Herman Melville - J.O. Eaton Portrait - 1870 - by Permission of Harvard University
Portrait by Joseph Oriel Eaton, 1870, by permission of Houghton Library, Harvard University [*61Z-4]
(click to view larger image)

Leviathan

whale-trp200Leviathan: A Journal of Melville Studies appears three times a year in March, June, and October. We welcome articles, notes, reviews, and creative writing on the life, works, and influence of novelist and poet Herman Melville (1819-1891). Click here for more information.

Melville Electronic Library

mel-thumb-crpd-3The Melville Electronic Library is an online resource for Melville texts. Housed on a Hofstra University server, MEL is being developed and maintained by a group of Melville scholars and digital specialists.

Johns Hopkins University Press

jhup-logoTo join the Melvillle Society and subscribe to Leviathan, visit Leviathan's Johns Hopkins University Press journal site by clicking here.

Melville Society Cultural Project

Melville Society and New Bedford Whaling Museum Cultural Project The New Bedford Whaling Museum in collaboration with The Melville Society is the established home of the Melville Society Cultural Project and Melville Society Archive. The Melville Society Archive is housed at the New Bedford Whaling Museum's Research Library, where significant works from this collection are also on display. The Melville Society Cultural Project also sponsors a book donation program and presents exciting annual events including the Moby-Dick Marathon and a Birthday Lecture.

New Bedford Whaling Museum

Melville Society MLA 2017 - 2 Panels - 2 CFPs
Two Panels - 2 Calls for Papers: Modern Language Association
Philadelphia January 5-8 2017

 

1st CFP

Melville's Taxonomies

The panel will look into how Melville's works from Mardi on problematize categorial divides, confusing living and non-living, persons and things, prophetic and rational, sacred and profane. Sometimes they do that by turning terrestrial landscapes, oceanic milieus and vegetal life into agencies that revise what counts as a person and what constitutes the experience of suffering. In other instances obscurity concerning what or who counts as living is maintained by rendering humans as beings that are passive to the point of becoming inanimate, or by dignifying what is low and material and demoting what is divine. Topics: persons and things, taxonomies of the human; biological politics, vitalism, vegetal and animal life, extinction.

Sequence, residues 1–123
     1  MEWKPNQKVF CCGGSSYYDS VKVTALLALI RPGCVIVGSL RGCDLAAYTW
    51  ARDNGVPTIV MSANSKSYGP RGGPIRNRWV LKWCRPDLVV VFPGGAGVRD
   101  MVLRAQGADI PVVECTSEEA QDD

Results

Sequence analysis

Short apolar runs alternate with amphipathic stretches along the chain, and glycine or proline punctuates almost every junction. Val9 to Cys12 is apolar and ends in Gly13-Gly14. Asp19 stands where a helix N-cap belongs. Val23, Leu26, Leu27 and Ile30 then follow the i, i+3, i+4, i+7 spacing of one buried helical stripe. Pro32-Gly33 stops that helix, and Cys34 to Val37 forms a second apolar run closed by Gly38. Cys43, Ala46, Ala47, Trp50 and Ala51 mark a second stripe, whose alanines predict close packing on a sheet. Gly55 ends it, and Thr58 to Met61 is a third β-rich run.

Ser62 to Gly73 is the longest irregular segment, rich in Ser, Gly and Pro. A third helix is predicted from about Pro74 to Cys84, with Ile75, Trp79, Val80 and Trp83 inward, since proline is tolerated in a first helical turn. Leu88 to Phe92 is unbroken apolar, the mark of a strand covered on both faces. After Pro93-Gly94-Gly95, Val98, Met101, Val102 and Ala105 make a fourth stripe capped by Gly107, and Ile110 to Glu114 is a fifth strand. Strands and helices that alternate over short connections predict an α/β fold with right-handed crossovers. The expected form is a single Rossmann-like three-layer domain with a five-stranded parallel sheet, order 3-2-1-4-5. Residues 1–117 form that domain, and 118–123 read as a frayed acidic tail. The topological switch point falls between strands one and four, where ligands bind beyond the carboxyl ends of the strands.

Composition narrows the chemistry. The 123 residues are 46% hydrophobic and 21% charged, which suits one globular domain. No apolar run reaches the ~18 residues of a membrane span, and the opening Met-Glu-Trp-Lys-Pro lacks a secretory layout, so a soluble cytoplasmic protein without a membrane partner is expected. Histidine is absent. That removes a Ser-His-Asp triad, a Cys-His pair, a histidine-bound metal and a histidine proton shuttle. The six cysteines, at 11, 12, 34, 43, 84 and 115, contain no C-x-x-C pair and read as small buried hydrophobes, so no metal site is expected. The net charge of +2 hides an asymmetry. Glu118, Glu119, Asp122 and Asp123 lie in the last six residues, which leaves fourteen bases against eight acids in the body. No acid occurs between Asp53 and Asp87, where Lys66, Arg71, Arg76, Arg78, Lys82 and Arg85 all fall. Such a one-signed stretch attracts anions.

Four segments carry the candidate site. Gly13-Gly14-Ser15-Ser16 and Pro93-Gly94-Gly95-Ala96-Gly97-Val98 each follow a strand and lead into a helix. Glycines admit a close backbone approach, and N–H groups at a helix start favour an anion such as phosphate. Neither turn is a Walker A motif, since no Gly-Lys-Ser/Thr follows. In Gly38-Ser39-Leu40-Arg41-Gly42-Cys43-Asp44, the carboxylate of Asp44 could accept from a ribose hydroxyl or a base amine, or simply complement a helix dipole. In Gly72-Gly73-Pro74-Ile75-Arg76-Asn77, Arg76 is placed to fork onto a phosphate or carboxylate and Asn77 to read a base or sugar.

Please send CV and 250 word abstract to Branka Arsic (ba2406ATcolumbia.edu)  by March 1, 2016. Please substitute @ for the AT being used to block spambots.

 

2nd CFP

Melville and Black Lives Matter

This panel seeks papers that address how Melville's art both speaks to racial crises and mediates philosophical dilemmas, political unrest, concepts of history etc. Black writers (Ralph Ellison, C.L.R. James, Toni Morrison, George Lamming, David Bradley, and more) turned to Melville's literary forms and provocative content to engage historical and political transformation in the Americas. What is it in Melville's aporias, assemblages, and abstractions that we can continue to excavate for its relevance to social conflict—especially conflict where racial/ethnic/queer difference is performed, expressed, and/or represented? Topics may include but are certainly not limited to: attention to interventions by one or more of the black writers mentioned above; racial violence; police brutality; prison reform/abolition; the rise/fall imperial states; totalitarianism; race and neoliberalism; New World Slavery; inequality in Latin America; US/Middle East turmoil.

Please send 250 word abstract and short bio to Chris Freeburg: ccfreeburgATgmail.com by March 15 2016. Please substitute @ for the AT being used to block spambots.

 

From the Galleries

9th Intnl Conference - Wash DC
(click for slideshow)
9th Intnl Conference - Wash DC

Fellowships and Scholarships


Melville Society Archive
Walter E. Bezanson Fellowship
 
 
The Melville Society, under the auspices of the Melville Society Cultural Project in New Bedford, offers an annual fellowship to help a scholar undertake research on Herman Melville at the Society’s Archive in the Research Library of the Whaling Museum in New Bedford, Massachusetts.

 

Click here for more information and application details.

 

New York Public Library
Short-term Research Fellowships

 

Graduate students or other affiliated academics whose work would benefit from visiting the Manuscripts and Archives Division to view collections such as the Gansevoort-Lansing collection, and Duyckinck family papers are encouraged to apply.

 

Click here for more information and application details.

Woodlawn Cemetary

WoodlawnWoodlawn Cemetary - final resting place of Herman, his wife, Elizabeth, and other family members. Click here to view photos of the gravesites.

 

125th Anniversary Celebration

125th Woodlawn

A celebration of Melville's life at Woodlawn Cemetary on the 125th anniversary of his passing.

Lansingburgh Historical Society

Melville House

Melville lived for nine years in this Lansingburgh house. It was here that he wrote Typee and Omoo

Berkshire Historical Society

ArrowheadMelville's Arrowhead home and farm in Pittsfield, MA where he wrote Moby-Dick and lived for most of the 1850s.

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